Recipe #98972

    This is my take on Julia's classic recipe. I use milk instead of cream and find it to be rich enough, since I am also using butter and cheese. I tend to simplify some of her details and I also use less butter than her recipe calls for.

    Recipe #268405

    Another yummy-sounding recipe that I am posting for safekeeping. This is baked in an 11-12 inch baking dish or skillet about 2 inches deep or individual baking dishes about 6 inches in diameter.

    Recipe #269004

    This recipe is from Mastering the Art of French Cooking, Vol.2. "Easy, delicious, and available all year round is apricot sherbet made from canned apricots. Timing is about 4 to 5 hours, but it is easier to be liesurely and start the mousse the day before serving." Note: Personally I would use my food processor instead of a food mill and I'm sure you could use one of those wonderful little ice cream makers instead of the freezer, but I have never done it. I have adapted the directions to make your life easier. T.J.

    Recipe #243197

    This recipe comes from Mastering the Art of French Cooking, 1961. 'If the natural moisture content is now withdrawn beforehand, cucumbers exude so much water as they are heated that you usually end up with a tasteless mush and swear never to cook cucumbers again. Blanching for 5 minutes before cooking will remove unwanted water, but also most of the cucumber flavor. A preliminary sojourn in salt draws out the water and also the bitterness, if they are the bitter European type, yet leaves the flavor, which a little vinegar and salt accentuates. We have found the following method delicious, and suggest it for all cooked cucumber recipes. Baked cucumbers go with roast, broiled, or sauteed chicken or veal.

    Recipe #244503

    2 Reviews |  By LoriLou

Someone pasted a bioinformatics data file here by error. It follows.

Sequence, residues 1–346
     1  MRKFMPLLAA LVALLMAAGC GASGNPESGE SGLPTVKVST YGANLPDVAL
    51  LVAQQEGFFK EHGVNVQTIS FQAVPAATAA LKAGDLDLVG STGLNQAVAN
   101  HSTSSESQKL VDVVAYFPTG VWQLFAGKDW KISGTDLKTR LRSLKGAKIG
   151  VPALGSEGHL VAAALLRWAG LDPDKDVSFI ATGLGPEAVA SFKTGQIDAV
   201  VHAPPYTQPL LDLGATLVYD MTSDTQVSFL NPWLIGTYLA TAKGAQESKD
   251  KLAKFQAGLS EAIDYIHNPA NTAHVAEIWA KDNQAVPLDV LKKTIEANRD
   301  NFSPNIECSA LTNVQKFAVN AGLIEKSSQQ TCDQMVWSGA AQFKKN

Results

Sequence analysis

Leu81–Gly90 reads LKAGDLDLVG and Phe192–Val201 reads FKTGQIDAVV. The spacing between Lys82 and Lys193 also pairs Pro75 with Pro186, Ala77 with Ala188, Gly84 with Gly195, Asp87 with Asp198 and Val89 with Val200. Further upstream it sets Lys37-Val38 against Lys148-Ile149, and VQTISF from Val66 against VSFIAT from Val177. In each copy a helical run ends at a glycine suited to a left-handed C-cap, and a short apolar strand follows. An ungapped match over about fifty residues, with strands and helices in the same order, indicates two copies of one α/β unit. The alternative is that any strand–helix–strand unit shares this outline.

A simple, delicious tart made with fresh fruit and yogurt. I have used frozen pie shells & frozen puff pastry with equal success in this. It is delicious with vanilla flavored yogurt and pure vanilla extract! The cook time does not include the cooling times.

    Recipe #98129

    From Julia Child's "Way To Cook" - "to be used as a garnish, or to be pureed and used in sauces or other purees."

    Recipe #108744

    This layered extravaganza is deliciously slow-cooked, and is a wonderful way to use your leftover turkey from the holidays! Makes a good after-Thanksgiving or New Year's Eve/Day dinner party dish. Original recipe was from "Julia Child's Kitchen." Although the preparation sounds a bit complicated, all the steps are well laid out and it's not difficult to prepare. Guaranteed to impress! Recipe posted by request.

    Recipe #107441

    I can personally attest to the authenicity of this recipe having had it made in front of me at Cardini's in Mexico City many moons ago. The recipe comes from Julia and Jacques Cooking at Home. Here are the notes that accompany it: "When Caesar Cardini first served his famous salad in the early 1920s, he used just the hearts of the romaine lettuce, the tender short leaves in the center, and he presented them whole. The salad was tossed and dressed, then arranged on each plate so that you could pick up a leaf by its short end and chew it down bit by bit, then pick up another. However, many customers didn't like to get their fingers covered with egg-and-cheese-and-garlic dressing, and he changed to the conventional torn leaf. Too bad, since the salad lost much of its individuality and drama. You can certainly serve it the original way at home — just provide your guests with plenty of big paper napkins. And plan to be extravagant."

    Recipe #240124

    Julia says, these are “…a charming edible decoration for sherbets, puddings, and many fruit desserts. Once made, refrigerate in a covered jar where it will keep for weeks.” Adapted from “The Way to Cook,” and is used in her “Fresh Lemon Sherbet” recipe. Be sure to use nicely ripe fruit.

    Recipe #239657

    Makes a simple and wonderful dessert, or a delicious and indulgent breakfast!

    Recipe #239454